Pakistan won the Champs Trophy this year in England and their batting is bog ordinary if not very weak. But their seam attack is very impressive with a stack and a new star found of 140km plus swing and seam bowlers just plowing through the opposition. They just thrashed SL in an odi series to nil and it wasn't through Pakistanian batting strength.
Weak bowlers are targetted cannon fodder these days. Theres no more room for the likes of Viv Richards to regularly bowl 10 overs for 40 runs in today's game. Theres no room for NZ to play 4 dibbly dobblies in Aus or Ind (or even at home) and restrict a team to 200 or 220. As it should be.
Also the likes of Butler, Miller, Maxwell, Munro types - they'd be dropped 30 years ago for a single "what was that" slog, switch, reverse type batting dismissal. Now they just need to get a big score each series and they're free to play their way and be continually picked despite a low average but at a high sr.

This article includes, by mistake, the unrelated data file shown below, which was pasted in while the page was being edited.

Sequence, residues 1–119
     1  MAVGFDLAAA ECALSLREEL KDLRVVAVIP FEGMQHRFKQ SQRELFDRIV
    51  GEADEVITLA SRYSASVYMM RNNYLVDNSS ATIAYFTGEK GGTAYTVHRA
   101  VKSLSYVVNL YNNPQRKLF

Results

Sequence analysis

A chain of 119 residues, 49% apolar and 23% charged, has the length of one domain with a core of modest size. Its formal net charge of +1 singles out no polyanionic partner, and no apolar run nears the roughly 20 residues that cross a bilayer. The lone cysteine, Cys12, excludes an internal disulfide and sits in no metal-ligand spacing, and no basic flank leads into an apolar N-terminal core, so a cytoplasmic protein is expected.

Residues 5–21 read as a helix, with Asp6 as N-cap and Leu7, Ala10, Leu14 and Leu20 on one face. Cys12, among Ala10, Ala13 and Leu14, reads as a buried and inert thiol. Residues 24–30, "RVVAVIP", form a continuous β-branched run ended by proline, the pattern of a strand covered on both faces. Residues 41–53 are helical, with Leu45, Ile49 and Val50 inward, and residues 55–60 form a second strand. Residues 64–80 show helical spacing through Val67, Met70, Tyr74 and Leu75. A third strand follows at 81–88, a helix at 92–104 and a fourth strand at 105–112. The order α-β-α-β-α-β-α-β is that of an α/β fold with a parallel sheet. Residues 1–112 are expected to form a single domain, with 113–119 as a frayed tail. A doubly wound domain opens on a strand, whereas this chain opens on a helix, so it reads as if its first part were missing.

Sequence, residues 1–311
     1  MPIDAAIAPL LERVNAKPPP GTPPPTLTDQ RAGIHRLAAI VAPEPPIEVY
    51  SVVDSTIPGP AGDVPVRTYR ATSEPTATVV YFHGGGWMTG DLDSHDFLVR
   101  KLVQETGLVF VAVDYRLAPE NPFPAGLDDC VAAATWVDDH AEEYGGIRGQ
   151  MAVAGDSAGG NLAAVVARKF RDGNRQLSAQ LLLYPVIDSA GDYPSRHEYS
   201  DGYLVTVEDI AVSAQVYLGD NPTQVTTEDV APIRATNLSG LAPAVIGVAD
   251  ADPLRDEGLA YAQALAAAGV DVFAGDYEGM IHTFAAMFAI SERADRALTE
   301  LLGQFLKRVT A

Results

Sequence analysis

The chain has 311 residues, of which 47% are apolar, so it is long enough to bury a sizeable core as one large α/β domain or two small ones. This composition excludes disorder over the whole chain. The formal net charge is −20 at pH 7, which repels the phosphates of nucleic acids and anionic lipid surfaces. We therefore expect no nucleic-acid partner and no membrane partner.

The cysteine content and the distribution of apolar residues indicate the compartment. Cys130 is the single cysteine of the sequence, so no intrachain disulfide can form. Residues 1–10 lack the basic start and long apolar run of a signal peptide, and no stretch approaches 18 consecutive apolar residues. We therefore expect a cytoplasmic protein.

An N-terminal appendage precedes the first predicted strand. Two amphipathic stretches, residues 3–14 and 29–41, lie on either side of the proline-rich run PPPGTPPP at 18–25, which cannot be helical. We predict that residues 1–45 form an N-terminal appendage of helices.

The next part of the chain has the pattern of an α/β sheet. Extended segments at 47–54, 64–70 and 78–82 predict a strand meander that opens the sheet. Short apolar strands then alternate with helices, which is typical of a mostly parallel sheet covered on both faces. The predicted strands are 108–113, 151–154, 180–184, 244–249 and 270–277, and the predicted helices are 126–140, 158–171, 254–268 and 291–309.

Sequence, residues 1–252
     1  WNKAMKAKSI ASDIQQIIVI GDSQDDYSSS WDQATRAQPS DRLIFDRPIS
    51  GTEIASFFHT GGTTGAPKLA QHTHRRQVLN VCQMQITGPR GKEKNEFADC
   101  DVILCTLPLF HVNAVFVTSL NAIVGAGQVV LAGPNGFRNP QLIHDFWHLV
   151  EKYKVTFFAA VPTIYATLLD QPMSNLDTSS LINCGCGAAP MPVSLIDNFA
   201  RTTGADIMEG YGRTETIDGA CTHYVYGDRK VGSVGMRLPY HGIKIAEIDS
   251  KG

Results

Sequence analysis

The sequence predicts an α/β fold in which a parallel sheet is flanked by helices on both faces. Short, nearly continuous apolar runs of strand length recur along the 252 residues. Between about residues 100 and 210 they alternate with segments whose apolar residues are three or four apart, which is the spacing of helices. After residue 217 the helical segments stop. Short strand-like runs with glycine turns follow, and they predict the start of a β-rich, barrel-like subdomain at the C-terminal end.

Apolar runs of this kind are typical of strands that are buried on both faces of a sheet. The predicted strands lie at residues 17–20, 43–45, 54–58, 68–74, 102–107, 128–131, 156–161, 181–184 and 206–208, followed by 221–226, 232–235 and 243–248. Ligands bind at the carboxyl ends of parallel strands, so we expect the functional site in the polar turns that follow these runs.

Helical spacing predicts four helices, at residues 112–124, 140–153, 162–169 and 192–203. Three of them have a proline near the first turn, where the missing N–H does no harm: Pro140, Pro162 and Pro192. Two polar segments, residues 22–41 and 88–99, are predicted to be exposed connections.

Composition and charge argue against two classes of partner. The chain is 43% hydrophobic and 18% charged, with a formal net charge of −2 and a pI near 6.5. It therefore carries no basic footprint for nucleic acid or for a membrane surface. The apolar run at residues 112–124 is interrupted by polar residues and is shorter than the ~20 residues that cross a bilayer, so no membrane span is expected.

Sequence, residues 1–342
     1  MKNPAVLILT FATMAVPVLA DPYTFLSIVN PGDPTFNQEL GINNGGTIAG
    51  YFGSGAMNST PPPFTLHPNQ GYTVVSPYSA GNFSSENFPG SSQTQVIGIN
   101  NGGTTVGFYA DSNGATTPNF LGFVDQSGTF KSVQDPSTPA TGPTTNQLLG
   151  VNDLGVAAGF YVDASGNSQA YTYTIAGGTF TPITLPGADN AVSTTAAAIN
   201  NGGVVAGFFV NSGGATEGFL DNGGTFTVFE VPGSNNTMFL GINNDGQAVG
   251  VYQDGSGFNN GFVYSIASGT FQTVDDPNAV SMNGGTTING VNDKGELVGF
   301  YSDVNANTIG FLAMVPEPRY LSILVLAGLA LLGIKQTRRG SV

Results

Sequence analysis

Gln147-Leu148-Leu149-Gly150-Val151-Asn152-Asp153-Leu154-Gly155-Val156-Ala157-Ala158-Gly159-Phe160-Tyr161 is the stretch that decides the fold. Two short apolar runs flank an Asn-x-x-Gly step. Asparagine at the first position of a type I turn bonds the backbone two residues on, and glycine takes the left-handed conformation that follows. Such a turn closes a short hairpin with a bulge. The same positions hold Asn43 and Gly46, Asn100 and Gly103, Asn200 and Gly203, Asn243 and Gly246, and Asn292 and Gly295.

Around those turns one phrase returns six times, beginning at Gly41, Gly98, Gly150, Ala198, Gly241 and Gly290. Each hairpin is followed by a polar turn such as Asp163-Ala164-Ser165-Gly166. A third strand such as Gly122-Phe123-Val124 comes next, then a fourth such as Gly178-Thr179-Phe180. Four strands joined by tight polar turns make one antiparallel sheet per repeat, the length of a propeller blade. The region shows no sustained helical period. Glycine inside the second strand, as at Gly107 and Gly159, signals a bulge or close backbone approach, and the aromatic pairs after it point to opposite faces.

Could this have been done 30 years ago? Well if Greatbatch at 1991 World Cup since emulated by Tendulkar and Jaya (and Kalu) is anything to go by. Yes. Greatbatch went after the WI quicks and smashed 6s. Excessive caution imo previously stalled the evolution, now its more "moneyball" type thinking in approach with statistical risk far more acceptable in the pursuit of winning with a big score posted. T20 has lessened this caution by posting 180 to 200 scores so often. 200 to 220 in 50 overs is more difficult to explain as a par score when the same or weaker teams are regularly posting 20 runs less in 30 overs less with wickets in hand.
But pre Greatbatch - with 2 men out - why was not every team going over the top in the opening powerplay? Cos all the pitches were more lively? Or cos the batsmen were scared of being dropped if dismissed?
I think there's a lot of fans, like myself, who appreciate that Kohli is a very very good batsman and a critical wicket but note the opposition bowlers and how easy batting was for all if not just Indian players involved in the game. My eyes roll back when someone says he's better than Viv Richards when Kohli lacks a power game until he gets past 100 in odi or about 70 or 80 in t20. But my eyes roll back equally when someone tells me Bevan was better than ABDV.